How to Dehydrate Jalapeno Peppers Easily At Home
Did you plant too many jalapeno pepper plants this year? Do you have a bumper crop, and you are wondering how you’re going to preserve your bounty? After making pickles and candied peppers and using some fresh, you can always dehydrate the rest. Dehydrate jalapeno peppers easily with the five methods we describe below.
Is it easy to dehydrate jalapenos?
Yes, dehydrated jalapenos are very easy to make. We have four different methods for dehydrating jalapenos that range from hanging to air-drying to using a countertop dehydrator. The results are the same; the only difference is how long it takes to dehydrate.
Table of contents
- What are dried Jalapenos called?
- Recommended Equipment
- How to Pick the best Jalapeño Peppers For Dehydrating
- Five Methods for Dehydrating Jalapenos
- For All Methods, Start with Fresh Peppers and give them a good wash and dry
- Rehydrating Dehydrated Jalapenos
- Store Your Dehydrated jalapenos For Up to Year.
- Bonus: How to Make Jalapeno Powder!
- Dehydrated Jalapeno uses
- Do you garden? If so, here are our favorite jalapeno varieties for preserving
- Dehydrate Jalapeno Peppers Right at Home
- Looking for More Preserving Information?
What are dried Jalapenos called?
Dried smoked jalapeno peppers are commonly referred to as chipotle! However, without the smoke, the peppers are just called dried jalapenos.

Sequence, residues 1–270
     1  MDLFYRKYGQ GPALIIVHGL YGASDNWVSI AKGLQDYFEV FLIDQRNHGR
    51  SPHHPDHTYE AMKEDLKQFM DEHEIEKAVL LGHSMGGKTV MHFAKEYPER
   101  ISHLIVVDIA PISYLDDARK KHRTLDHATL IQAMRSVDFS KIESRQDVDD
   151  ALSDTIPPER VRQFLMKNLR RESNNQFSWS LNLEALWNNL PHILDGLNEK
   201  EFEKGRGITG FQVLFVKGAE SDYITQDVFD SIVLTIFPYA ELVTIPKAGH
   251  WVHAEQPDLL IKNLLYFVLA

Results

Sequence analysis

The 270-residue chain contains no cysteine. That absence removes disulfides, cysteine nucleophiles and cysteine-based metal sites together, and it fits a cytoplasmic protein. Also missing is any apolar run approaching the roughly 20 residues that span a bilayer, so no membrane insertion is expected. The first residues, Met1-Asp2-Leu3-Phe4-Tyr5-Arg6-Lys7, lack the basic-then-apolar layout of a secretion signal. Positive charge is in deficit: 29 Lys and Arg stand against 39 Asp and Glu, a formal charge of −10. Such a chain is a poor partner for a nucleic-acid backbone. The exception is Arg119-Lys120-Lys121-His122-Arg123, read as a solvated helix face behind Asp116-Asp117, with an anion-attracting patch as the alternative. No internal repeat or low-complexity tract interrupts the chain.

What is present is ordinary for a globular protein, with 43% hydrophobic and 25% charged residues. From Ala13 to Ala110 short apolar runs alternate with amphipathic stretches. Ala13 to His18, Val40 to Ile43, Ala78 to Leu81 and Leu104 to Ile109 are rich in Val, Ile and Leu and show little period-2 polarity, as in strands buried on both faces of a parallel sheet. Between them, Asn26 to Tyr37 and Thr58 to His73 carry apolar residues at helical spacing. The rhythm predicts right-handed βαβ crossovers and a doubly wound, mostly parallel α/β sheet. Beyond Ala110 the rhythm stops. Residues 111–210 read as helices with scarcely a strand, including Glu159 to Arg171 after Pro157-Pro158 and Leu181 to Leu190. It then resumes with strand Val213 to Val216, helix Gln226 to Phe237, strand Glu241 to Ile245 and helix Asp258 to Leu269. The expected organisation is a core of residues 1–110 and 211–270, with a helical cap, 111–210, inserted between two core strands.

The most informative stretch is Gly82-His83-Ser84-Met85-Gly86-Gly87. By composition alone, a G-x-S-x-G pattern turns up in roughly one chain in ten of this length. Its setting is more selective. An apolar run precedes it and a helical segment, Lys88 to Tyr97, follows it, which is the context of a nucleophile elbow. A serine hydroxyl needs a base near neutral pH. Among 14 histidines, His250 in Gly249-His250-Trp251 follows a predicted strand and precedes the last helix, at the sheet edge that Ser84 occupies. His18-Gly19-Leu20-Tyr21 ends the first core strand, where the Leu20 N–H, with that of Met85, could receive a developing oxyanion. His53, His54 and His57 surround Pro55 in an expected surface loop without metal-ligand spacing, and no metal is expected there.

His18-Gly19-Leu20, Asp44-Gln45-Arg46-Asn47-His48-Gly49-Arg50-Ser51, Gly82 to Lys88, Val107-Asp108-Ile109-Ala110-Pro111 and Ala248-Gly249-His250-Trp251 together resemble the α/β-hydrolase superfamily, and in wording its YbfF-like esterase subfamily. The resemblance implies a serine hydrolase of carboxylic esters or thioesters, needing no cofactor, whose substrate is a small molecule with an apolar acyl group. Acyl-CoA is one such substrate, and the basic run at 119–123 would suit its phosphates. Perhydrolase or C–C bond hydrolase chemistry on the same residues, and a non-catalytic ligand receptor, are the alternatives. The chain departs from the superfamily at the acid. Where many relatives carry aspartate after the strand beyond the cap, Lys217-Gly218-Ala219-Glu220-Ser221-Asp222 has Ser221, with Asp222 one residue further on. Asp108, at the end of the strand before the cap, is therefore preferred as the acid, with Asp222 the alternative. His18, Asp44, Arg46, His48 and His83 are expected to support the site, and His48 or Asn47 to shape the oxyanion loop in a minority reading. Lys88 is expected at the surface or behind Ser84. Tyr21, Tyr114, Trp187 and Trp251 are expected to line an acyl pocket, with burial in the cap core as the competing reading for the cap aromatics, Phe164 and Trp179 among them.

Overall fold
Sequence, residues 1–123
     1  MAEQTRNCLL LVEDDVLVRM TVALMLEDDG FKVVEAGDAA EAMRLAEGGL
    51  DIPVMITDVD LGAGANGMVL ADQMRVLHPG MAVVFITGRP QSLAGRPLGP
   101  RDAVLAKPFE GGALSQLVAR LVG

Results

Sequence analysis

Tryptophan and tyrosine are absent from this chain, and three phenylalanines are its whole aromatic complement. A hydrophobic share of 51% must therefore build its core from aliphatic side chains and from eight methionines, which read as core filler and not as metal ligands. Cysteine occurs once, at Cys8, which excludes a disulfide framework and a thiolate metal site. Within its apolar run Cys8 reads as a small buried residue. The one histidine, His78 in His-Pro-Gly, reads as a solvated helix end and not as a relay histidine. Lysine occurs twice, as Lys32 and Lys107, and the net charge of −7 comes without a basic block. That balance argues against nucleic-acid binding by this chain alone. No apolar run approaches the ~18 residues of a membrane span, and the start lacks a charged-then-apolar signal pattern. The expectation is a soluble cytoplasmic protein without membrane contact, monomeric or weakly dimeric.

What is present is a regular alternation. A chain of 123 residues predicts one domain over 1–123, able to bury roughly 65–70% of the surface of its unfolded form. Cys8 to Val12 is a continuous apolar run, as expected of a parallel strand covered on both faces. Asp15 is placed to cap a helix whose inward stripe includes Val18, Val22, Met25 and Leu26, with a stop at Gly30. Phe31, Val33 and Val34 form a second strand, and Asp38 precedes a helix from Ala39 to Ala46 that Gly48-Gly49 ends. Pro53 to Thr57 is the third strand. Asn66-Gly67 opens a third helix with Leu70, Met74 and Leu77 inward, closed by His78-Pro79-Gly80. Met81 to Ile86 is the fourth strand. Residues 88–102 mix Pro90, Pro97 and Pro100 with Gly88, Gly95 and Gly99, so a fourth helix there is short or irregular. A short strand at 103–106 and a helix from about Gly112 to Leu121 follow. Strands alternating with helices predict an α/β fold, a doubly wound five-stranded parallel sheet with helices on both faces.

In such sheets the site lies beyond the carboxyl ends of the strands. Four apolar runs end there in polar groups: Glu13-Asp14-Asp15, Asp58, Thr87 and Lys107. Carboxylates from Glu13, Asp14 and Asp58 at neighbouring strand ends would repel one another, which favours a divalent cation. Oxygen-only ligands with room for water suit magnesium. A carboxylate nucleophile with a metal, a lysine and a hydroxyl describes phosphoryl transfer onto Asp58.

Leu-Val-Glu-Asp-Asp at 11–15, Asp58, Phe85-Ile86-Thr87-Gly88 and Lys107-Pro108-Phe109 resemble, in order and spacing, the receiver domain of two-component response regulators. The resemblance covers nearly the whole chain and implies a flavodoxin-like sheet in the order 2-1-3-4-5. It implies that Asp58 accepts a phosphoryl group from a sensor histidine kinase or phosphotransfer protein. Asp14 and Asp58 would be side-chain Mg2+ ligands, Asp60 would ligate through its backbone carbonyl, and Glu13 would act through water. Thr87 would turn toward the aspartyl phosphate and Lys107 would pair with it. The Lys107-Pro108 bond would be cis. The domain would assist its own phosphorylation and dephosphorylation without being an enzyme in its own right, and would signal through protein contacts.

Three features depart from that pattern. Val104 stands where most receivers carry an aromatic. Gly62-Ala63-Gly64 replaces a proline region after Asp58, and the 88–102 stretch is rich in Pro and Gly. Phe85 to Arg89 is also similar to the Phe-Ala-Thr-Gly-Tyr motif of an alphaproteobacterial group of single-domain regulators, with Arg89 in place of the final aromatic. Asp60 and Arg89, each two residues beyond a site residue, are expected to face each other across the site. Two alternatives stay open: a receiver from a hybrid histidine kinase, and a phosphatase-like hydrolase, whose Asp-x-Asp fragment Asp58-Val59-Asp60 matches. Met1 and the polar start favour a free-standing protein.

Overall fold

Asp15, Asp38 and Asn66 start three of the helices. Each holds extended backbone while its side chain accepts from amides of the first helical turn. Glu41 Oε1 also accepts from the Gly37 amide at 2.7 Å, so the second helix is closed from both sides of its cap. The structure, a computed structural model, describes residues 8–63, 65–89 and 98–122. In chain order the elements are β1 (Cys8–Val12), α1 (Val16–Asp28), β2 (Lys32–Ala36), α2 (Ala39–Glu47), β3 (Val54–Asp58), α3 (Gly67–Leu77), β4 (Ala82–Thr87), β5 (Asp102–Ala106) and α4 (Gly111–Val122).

We’ll show you how to make both with several different easy methods. Read on to find out how!
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Depending on the method you are going to use to dehydrate your jalapeno peppers, you may require:
- Parchment Paper
- Cookie sheet
- Coffee grinder
- Spice grinder
- Food processor
How to Pick the best Jalapeño Peppers For Dehydrating
Safety Tip: Be sure to wear gloves. Jalapeno pepper juice can burn and cause painful skin irritation.
Be sure to start with fresh peppers. Peppers picked off your jalapeno plants will also be far superior to those purchased at the grocery store. You can often find morning-picked peppers at a local farmers’ market. Be sure to ask the farmer when they picked the peppers.
The best peppers for drying are thick-walled and firm to the touch.
Five Methods for Dehydrating Jalapenos
To dry peppers at home, you have five different methods you can try. The results are generally the same (with a few cautions); the primary difference is how long each process will take.
For All Methods, Start with Fresh Peppers and give them a good wash and dry
For all methods below, you will want to sort and clean your peppers:
- Sort and select peppers: Look over your peppers and discard any that are soft, wrinkled, discolored or have any holes. Look for glossy dark green or red peppers that are firm to the touch.
- Wash and dry the jalapeno peppers: Wash them in cool fresh water, and be sure to dry them well.
Dehydrating Jalapeno Peppers In The Oven